In the early days of online advertising, the amount and type of data companies could collect about users was limited to the header information passed along with a HTTP call from the user’s browser, such as the language set on the user’s computer, URL of the page that the ad is being loaded onto, and the browser type and version.
As the popularity of web cookies grew, advertisers soon realized they could track user behavior across the web with third-party cookies.
Over the years, advertising companies and data providers have been adding more and more trackers (i.e. third-party cookies) to websites in an effort to gain a deeper understanding of online users and their behavior.
This practice went on for some time before online users started to become aware of the scope and scale of these data collection and tracking activities, and once they did, they started to push back.
They began installing browser plugins like Ghostery, browsing the Internet using Private/Incognito mode, and downloading ad-blocking software to block advertising and third-party trackers.
But it’s not only online consumers that have taken notice of all of this. Legislative institutions in the European Union have also kept a close eye on the way companies collect, store, and use personal data, and the EU’s General Data Protection Regulation (GDPR) is proof of that.
By now, we all know that the GDPR is on its way and means that all companies that collect data about EU citizens will have to make a number of policy and technological changes to ensure they are fully compliant.
Becoming compliant will be challenging to say the least and will mean making fundamental changes to how companies conduct business, whether they realize this or not.
However, instead of focusing on the negatives, companies should be focusing on the positives, and there are a few.
The GDPR Will Empower Publishers
Due to the fragmented nature of the digital advertising ecosystem, publisher revenues are being eaten up by AdTech vendors and intermediaries. While the GDPR won’t reverse this, it will restore the balance of power between the supply side (i.e. publishers) and those on the demand side (e.g. advertisers, DSPs, and other intermediaries).
As publishers will be the gatekeepers between advertisers and audiences, they’ll have the upper hand when it comes to media buys. Also, as data won’t be able to be shared and/or resold to other parties without the publisher’s knowledge and proper data processing agreements with all companies who want to have access to it, the whole process will become more transparent.
However, the real test for publishers will be obtaining user consent. If they are able to convince their audiences to share their data with online advertisers, then that will put them in a favorable position and their revenues will likely rise. Failure to do so will negatively affect the whole ecosystem and all parties on both the supply and the demand side.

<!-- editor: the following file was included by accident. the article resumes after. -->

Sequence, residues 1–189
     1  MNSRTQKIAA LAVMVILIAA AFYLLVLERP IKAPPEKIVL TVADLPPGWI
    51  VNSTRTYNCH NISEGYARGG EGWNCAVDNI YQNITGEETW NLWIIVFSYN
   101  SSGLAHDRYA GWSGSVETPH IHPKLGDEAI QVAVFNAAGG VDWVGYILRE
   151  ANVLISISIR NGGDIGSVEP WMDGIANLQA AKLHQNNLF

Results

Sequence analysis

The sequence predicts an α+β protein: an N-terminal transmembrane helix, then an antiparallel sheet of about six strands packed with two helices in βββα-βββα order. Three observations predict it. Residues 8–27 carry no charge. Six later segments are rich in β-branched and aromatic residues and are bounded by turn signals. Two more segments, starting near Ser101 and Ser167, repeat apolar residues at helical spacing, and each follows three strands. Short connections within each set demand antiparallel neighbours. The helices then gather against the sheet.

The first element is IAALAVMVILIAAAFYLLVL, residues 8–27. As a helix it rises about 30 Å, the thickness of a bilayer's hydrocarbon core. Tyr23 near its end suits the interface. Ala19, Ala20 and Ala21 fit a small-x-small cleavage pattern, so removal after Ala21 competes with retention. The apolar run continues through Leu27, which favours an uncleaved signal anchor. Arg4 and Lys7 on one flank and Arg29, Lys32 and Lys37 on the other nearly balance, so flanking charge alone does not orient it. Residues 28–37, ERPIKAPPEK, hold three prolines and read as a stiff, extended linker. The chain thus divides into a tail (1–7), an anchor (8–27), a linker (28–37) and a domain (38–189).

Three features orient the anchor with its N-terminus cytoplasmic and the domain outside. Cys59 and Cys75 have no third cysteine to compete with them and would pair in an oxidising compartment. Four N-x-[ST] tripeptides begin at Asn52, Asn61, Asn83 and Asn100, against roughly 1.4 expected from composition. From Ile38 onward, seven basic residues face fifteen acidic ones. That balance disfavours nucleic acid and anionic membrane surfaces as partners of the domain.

The GDPR Will Help Restore Trust Between Users And Online Advertisers
The GDPR will help restore trust between online consumers and advertising companies as it puts the power and control back in the hands of online users.
Online visitors are the main recipients of online ads, however, for years companies have been convinced that users really want a better ad experience (e.g. customization, etc.), when in fact all they really want is for companies to take their privacy seriously.
After all, it’s no good showing a personalized ad to an engaged user at the right time if they are just going to block it out of concern for what you will do with their data.
The GDPR Will Spur On Innovation
For AdTech vendors, complying with the GDPR will mean changing their policies and ensuring that their platforms align with them.
For example, the GDPR gives users certain rights, such as the right to change their consent decisions and erase data that’s been collected about them. The latter is particularly challenging as there are no mechanisms in place to delete an individual’s data when it’s been shared with other parties in the ecosystem.
Picture the common situation when one AdTech vendor shares user data with others. If a user contacts the first vendor and requests that their data be erased, then the vendor would have to not only erase it from their own platforms, but from all the others with whom they’ve shared the data.
This means advertising companies will need to ensure their platforms are able to collect, store, and manage thousands, even millions, of user consent requests.
But it’s not only about making technological changes to comply with the GDPR, it’s also about innovating to create future-proof businesses. For example, AdTech vendors could look at providing advertisers with technology that runs targeted and effective campaigns without relying on personal data, with contextual targeting being a prime example.
Successful advertising companies of the future will be ones that solve challenges through innovation and limit their exposure to the GDPR with privacy-focused platforms and policies, rather than try and solve them with band-aids.
When you look back throughout history at the impact new regulations have had on certain industries (think the Clean Air Act and the introduction of clean technologies, such as the catalytic converter), you can see, despite the initial challenges, the companies that focused on innovation prevailed, and in many cases, thrived.
Despite all the challenges the GDPR brings, AdTech can prevail and thrive as well.
This post originally appeared on Mediapost.com